By James Edwin Gibson
Many of us in the United States pride ourselves on our nation’s reputation for freedom of speech and freedom of the press. But, to what extent do we really have it?
Current efforts by the United States to extradite WikiLeaks founder Julian Assange to the U.S. to face charges are leading to discussions about how much freedom of the press is proper.
Also, is the real reason that the U.S. seeks to prosecute him, the fact that he and WikiLeaks exposed much wrongdoing by the government?
I remember some years ago when the United States government repeatedly denied reports of abuse at Abu Ghraib prison in Iraq. Then, when photos were publicly released showing the abuse, the government seemed to first seek to prosecute the person who took the photos. It seems the government, both then and now with Assange, perhaps seems to convey the message that persons who document government wrongdoing will face more severe charges than those who commit the wrongdoing. I strongly oppose the commission of wrongdoing and its cover up.
In a column posted yesterday (April 12, 2019) Guardian columnist Owen Jones wrote persuasively1 opposing the extradition of Assange and supporting freedom of the press for those exposing wrongdoing. I urge you to read his column.
While many elected and appointed officials in the United States are urging the prosecution of Assange, the United States government itself often seeks to crack passwords and access confidential documents of other governments around the world. The National Security Agency, Central Intelligence Agency, the United States military, and other U.S. government agencies are guilty and have been guilty of many of the same things they accuse Assange of doing—and worse.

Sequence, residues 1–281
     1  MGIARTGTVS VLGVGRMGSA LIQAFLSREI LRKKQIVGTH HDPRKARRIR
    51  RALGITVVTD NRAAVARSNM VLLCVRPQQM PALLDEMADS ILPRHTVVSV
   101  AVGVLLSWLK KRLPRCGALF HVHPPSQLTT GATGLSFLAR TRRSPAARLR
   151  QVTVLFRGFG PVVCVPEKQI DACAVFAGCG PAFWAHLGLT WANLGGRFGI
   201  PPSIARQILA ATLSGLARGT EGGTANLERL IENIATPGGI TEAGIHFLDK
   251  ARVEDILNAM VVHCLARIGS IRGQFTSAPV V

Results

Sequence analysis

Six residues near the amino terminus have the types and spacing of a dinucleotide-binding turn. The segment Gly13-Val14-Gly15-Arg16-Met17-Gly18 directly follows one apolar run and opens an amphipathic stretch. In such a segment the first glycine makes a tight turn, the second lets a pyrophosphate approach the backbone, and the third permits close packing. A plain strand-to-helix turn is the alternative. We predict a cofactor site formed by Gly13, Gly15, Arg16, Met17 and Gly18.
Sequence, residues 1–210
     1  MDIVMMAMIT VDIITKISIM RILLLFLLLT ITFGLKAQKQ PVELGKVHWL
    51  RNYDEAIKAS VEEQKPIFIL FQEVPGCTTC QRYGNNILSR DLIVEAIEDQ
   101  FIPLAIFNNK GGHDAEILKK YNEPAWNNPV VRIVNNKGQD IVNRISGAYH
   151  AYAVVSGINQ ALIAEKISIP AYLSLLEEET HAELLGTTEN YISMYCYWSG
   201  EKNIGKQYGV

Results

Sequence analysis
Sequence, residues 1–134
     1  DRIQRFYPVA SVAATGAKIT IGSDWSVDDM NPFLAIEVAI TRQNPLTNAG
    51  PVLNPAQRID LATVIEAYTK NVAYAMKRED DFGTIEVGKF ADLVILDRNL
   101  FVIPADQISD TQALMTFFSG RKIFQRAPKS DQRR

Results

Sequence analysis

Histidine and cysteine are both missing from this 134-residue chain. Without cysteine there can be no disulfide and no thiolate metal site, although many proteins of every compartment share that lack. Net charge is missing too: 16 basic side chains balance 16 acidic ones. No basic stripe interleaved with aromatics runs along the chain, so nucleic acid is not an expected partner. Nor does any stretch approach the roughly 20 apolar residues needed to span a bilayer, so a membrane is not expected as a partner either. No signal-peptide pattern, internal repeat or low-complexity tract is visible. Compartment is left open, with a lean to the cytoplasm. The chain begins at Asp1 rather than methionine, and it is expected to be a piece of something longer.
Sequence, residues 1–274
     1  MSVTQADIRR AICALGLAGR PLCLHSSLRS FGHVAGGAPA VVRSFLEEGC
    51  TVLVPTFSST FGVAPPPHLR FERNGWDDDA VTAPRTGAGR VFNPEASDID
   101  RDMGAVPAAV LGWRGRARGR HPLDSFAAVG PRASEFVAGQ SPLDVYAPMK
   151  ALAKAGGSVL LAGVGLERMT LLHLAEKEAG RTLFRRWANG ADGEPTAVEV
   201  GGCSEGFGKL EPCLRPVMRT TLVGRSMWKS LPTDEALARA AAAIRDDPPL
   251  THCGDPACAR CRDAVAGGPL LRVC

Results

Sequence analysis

United States Government Wrongdoing
The United States government has interfered in numerous other nations’ elections, as reported by the New York Times2, The Atlantic3, and numerous other sources. The United States has also been involved in numerous military actions in various countries, as noted by Global Policy Forum4, a Congressional Research Service piece on FAS.org,5 and a huge number of other sources. Furthermore, many (most?) of those military actions were apparently not justified.
How much spying, election interfering, and military action has the United States taken against other countries that we don’t know about since it hasn’t been exposed by WikiLeaks or anyone else?
The United States government often does things in secret that it seeks to cover up. In recent years the organization WikiLeaks has published a huge quantity of secret documents exposing much wrongdoing. Some of the information it released (such as Social Security numbers and credit card numbers) should have remained secret as I see it, but a huge amount of the material it released has exposed wrongdoing that otherwise might not have come to light.
If what Assange and WikiLeaks did was wrong, much of what the United States government does and has done is wrong, too. Also, if Assange was wrong, were all the major media outlets that republished information leaked by WikiLeaks in the wrong, too?